Nice presenter, nice talk. I found it slightly strange not to see sources for the figures presented to us though....unless my eyes completely missed that out.

    April 9, 2014

    • Georgi L.

      Good point Alexandra, I think there is so much to cover that this would probably be a whole talk in itself. Tim mentioned another source of stats too - the Hans Rosling data so we'll ask about sources and methods and post the info for you ...and if there's anything else anyone wants to follow up on please let us know.

      April 9, 2014

    • Adrian

      There were sources quoted at the foot of each slide. I don't think there were any that didn't have a citation. To be fair it was easier for me to see as I was sitting in front of the laptop with the presentation on it!

      April 9, 2014

  • Tim

    I've caught a cold so I won't be going tonight after all, which is probably good news for the people I might have infected.

    I was hoping to bring up Hans Rosling's statistics showing that the pre-breeding population (age 0-15) is already stable and that the rise to 10 billion (or 11 if you factor in better health) is just due to existing adults getting older. This means that short of mass famine, plague or genocide we're stuck with that rise, hopefully followed by a slow decline which doesn't leave us as a world of dependant geriatrics.

    So, we need to find ways to sustain 10-11 billion for a time at least. Pretending we can keep population stable at 7 billion, still less reduce it in the short term, by reducing birth rate further simply don't hold up under scrutiny of the statistics.

    https://www.youtube.com/watch?v=ezVk1ahRF78

    This video has quite a bit to say about religion and population as well.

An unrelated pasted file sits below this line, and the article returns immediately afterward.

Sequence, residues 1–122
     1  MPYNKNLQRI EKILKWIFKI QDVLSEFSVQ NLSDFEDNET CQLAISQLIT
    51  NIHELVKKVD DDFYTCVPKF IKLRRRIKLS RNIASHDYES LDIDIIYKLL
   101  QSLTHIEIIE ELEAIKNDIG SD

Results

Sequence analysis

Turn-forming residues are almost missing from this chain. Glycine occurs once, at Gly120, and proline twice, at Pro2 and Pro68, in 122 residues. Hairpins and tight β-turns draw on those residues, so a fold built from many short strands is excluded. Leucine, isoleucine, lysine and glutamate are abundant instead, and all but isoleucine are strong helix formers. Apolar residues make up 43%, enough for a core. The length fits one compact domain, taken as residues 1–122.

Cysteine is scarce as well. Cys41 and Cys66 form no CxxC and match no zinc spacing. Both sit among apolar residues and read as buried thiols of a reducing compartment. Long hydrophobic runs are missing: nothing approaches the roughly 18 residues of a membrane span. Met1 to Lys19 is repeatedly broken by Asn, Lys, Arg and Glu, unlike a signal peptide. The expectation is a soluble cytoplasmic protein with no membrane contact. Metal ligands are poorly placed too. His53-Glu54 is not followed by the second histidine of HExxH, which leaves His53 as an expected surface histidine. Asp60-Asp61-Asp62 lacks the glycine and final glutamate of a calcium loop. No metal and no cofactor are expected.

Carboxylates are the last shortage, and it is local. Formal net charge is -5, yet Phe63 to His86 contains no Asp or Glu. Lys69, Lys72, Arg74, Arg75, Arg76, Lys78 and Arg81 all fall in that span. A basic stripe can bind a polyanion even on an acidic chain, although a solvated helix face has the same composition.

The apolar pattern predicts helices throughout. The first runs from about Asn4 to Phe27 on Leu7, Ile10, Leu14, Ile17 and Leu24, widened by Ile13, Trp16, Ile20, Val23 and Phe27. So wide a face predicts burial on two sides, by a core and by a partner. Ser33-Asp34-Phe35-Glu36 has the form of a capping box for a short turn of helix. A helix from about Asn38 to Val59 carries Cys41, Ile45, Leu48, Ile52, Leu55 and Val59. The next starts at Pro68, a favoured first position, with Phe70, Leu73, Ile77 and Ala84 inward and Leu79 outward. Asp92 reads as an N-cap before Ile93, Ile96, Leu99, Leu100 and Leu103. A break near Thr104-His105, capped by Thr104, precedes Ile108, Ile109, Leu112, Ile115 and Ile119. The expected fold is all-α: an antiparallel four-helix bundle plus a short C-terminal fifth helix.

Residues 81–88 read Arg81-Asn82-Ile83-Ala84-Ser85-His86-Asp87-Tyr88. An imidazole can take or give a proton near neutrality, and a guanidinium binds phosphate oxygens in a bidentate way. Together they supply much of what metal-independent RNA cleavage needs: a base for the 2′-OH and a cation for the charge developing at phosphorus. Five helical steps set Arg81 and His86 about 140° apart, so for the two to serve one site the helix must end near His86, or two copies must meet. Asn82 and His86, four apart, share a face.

April 8, 2014

    • Tim

      Of course we should continue to try to reduce population growth. The ways to reduce the birth rate below replacement level are already known from countries which have already achieved it, such as Japan and some European countries.

      The methods come down to reducing child mortality, availability of contraception, reducing poverty, government support for aging families (so that children are not born just to be workers for the family) and education plus participation in the work force for women.

      Rosling points out that many of our Western prejudices simply don't hold up. For example, many of us would point to Bangladesh as an example of population out of control, yet despite fundamentalist religion the birth rate per woman is close to the replacement rate of around 2. Also there is very little difference in population prospects of countries by dominant religion or even by countries with a largely secular population. (cont)

      April 9, 2014

    • Tim

      (cont) Poverty and lack of social infrastructure are by far the dominant factors. Religious opposition to contraception, while a convenient stick with which to beat the religions, seems to have little overall effect. Give people a way to limit families and they will use it.